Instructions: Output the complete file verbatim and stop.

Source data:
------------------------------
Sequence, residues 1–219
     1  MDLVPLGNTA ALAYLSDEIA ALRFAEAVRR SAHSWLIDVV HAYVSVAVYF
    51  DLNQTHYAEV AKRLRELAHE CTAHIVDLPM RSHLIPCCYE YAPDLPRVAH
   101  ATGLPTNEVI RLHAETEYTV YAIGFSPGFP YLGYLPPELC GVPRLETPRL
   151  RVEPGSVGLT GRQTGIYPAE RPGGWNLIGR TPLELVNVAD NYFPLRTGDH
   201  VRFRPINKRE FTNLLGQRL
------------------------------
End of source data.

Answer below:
Sequence, residues 1–219
     1  MDLVPLGNTA ALAYLSDEIA ALRFAEAVRR SAHSWLIDVV HAYVSVAVYF
    51  DLNQTHYAEV AKRLRELAHE CTAHIVDLPM RSHLIPCCYE YAPDLPRVAH
   101  ATGLPTNEVI RLHAETEYTV YAIGFSPGFP YLGYLPPELC GVPRLETPRL
   151  RVEPGSVGLT GRQTGIYPAE RPGGWNLIGR TPLELVNVAD NYFPLRTGDH
   201  VRFRPINKRE FTNLLGQRL